Snake Bite Program SOUTH AFRICA
SAVING LIVES WITH ANTIVENOM INNOVATION – SOUTH AFRICA, 2023 & 2024
Revolutionary boost for antivenom production to effectively treat snake bites in sub-Saharan Africa.
Welcome to the latest update on the pioneering initiative aimed at transforming anti-venom production and tackling snakebite fatalities in sub-Saharan Africa. Supported by the Lööf Foundation, this project strives to confront the severe shortage of reliable snakebite treatments, especially in marginalised rural areas. Anti-venom, crucial for snakebite treatment, remains the primary effective remedy. However, access to intravenous fluids and respiratory support devices, equally vital, is often limited. Despite being listed as essential by the World Health Organisation (WHO), the availability of anti-venom remains alarmingly scarce.
In alignment with the UN Sustainable Development Goal number 3 – Good Health and Well-being, the initiative focuses on developing a sustainable solution to the pressing issue of snakebite fatalities. With an estimated 2.7 million snakebite incidents annually in sub-Saharan Africa, resulting in 100,000 deaths and significant long-term disabilities, urgent action is essential.
- Establish a laboratory and production facility at the Ndlondlo Reptile Park in Ballito, KwaZulu-Natal, for efficient anti-venom production.
- Prioritise areas with high snakebite rates and limited access to healthcare for intervention.
- Conduct product trials and training in collaboration with interested veterinarians to ensure efficacy and safety.
- Publish and disseminate trial data to raise awareness and facilitate the approval process.
- Engage researchers to analyse venom samples and explore variations in anti-venom efficacy between captive-bred and wild-caught snakes.
- Utilise the laboratory as an emergency veterinary clinic for snakebite treatment, providing hands-on experience for students and interns.
- Collaborate with medical professionals to expand services and impact across sub-Saharan Africa.
Meet the team:
The dedicated team brings together expertise and passion for reptile conservation and public health:
- Donald Schultz: South African researcher and filmmaker Donald Schultz began working with reptiles at 13 in Durban’s Fitzsimons Snake Park. In 2013, he founded Snake Pharm to develop a faster and more cost-effective antivenom, patented in the USA, Peru, and South Africa.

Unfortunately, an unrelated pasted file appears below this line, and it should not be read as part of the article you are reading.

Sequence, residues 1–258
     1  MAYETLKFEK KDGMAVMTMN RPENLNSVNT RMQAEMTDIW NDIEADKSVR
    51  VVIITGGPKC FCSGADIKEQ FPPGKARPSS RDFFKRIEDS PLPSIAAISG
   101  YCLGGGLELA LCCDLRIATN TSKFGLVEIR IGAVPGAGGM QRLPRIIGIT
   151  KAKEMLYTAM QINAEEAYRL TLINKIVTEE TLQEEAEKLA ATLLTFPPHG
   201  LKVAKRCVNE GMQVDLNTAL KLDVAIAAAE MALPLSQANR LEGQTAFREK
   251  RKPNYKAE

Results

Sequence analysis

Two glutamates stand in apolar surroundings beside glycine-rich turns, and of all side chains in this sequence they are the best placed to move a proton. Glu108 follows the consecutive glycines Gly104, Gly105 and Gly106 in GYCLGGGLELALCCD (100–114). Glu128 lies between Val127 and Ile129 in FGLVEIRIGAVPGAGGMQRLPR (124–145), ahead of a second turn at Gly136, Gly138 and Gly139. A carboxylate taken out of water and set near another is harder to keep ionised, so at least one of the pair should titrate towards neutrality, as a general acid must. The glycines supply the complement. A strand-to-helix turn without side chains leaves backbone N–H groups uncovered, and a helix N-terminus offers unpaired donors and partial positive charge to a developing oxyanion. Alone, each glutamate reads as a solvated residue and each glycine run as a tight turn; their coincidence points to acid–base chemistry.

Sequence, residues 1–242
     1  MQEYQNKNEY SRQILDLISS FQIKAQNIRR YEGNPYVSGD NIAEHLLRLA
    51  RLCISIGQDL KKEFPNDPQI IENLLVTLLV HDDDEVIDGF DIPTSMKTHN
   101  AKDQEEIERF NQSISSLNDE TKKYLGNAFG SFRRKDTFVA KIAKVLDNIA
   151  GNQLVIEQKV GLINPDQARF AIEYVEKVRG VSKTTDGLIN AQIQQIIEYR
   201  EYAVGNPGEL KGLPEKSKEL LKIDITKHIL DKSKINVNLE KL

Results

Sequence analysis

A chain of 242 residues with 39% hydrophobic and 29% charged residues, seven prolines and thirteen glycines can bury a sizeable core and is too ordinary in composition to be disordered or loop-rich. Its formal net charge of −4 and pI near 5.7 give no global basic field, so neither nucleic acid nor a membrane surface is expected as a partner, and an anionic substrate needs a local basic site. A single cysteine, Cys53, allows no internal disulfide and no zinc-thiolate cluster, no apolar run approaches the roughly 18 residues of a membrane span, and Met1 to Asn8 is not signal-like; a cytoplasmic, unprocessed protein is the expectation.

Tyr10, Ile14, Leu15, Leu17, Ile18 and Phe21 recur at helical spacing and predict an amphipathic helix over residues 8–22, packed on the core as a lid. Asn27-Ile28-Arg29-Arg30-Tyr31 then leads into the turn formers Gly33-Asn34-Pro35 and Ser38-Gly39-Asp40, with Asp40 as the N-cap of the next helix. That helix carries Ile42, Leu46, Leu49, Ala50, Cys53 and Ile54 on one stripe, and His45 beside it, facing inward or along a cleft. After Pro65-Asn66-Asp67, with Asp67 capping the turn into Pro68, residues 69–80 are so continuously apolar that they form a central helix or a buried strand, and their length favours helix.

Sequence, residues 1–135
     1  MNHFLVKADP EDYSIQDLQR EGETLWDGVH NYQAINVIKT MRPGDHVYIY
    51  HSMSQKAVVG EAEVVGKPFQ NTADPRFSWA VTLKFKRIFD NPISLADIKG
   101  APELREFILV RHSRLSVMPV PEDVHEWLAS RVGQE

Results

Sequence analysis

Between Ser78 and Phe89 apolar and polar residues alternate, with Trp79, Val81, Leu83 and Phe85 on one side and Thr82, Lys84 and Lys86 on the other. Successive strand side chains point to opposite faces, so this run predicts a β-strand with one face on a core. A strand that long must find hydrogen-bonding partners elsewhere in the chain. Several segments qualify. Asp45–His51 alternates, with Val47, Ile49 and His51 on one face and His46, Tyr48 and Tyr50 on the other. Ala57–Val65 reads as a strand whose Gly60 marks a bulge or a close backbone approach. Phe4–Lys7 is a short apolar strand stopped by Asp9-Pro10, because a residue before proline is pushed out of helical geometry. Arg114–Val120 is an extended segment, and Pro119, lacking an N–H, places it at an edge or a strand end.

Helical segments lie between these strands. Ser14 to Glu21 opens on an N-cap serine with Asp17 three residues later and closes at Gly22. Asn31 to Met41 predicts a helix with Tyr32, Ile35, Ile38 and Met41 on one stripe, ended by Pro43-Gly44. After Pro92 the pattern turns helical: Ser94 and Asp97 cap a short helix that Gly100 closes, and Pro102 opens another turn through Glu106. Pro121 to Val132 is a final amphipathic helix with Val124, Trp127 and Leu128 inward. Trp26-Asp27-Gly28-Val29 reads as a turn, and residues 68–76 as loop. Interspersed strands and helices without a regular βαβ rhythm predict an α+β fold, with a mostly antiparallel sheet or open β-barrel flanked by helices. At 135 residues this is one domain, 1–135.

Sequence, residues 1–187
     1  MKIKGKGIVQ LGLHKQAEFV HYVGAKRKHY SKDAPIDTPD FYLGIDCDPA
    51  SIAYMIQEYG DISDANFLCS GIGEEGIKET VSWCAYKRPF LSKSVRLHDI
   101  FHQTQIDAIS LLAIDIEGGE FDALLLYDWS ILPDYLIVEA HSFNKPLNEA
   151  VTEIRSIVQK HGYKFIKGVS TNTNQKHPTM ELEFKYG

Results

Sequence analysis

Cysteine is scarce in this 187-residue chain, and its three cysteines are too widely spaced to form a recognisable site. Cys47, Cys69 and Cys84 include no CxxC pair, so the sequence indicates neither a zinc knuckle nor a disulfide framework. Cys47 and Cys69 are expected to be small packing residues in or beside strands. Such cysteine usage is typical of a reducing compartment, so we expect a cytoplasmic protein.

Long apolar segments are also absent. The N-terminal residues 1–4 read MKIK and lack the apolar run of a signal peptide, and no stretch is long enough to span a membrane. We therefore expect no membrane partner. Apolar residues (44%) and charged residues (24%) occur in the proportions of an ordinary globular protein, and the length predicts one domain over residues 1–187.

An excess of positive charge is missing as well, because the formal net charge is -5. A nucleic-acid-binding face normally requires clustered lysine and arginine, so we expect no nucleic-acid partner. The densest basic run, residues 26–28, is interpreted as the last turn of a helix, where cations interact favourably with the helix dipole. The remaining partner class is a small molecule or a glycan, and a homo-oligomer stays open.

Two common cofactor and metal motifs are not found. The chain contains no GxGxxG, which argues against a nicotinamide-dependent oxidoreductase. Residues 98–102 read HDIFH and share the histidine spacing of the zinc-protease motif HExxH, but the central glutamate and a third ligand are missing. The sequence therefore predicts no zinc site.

- Michael Perry: Michael Perry’s fascination with snakes began at age 10 in 1963. Surviving snake bites in 1971 and 1972 prompted him to refine his handling techniques. In 1999, he began milking snake venom for antivenom production and collaborated with Dr. Roger Baylock on a snake bite handbook while offering courses on snake handling and first aid.
- Neville Wolmarans: Neville Wolmarans, a self-taught reptile expert, led a snake bite prevention initiative and established reptile parks and rescue units in South Africa. His work with the Ndlondlo Reptile Rescue Unit inspired the National Geographic series “Snakes in the City,” and he has consulted for various documentary productions.
Anti-venom Production Process:
- Rescue Operations: Expert teams conduct safe snake rescues from residential areas, prioritising both human and reptile welfare.
- Precision Weighing: Captured snakes undergo careful weighing to determine the appropriate blood extraction volume.
- Doppler Technology: Advanced technology aids in locating snake hearts accurately for safe blood collection.
- Plasma Isolation: Extracted blood is centrifuged to isolate plasma, the crucial component for anti-venom production.
- Heating Process: Plasma undergoes heating to ensure efficacy, a critical step in the production process.
- Freeze-Drying: Plasma is freeze-dried for efficient storage, facilitated by specialized machinery.
The initiative has already demonstrated concrete outcomes, rescuing four dogs from boomslang bites through the production of anti-venom. This achievement highlights the effectiveness of the team’s strategy in reducing snakebite fatalities and fostering harmonious cohabitation between humans and reptiles.
Immediate Material Needs:
To support the production efforts, the project requires essential materials and equipment including consumables, laboratory supplies, and specialised machinery. Your contributions can make a significant difference in the ability to scale up operations and save lives.
Do you want to contribute or give support?
If you would like to join the Lööf Foundation in supporting this great initiative, or to learn more, you can contact us by e-mail to firstname.lastname@example.org.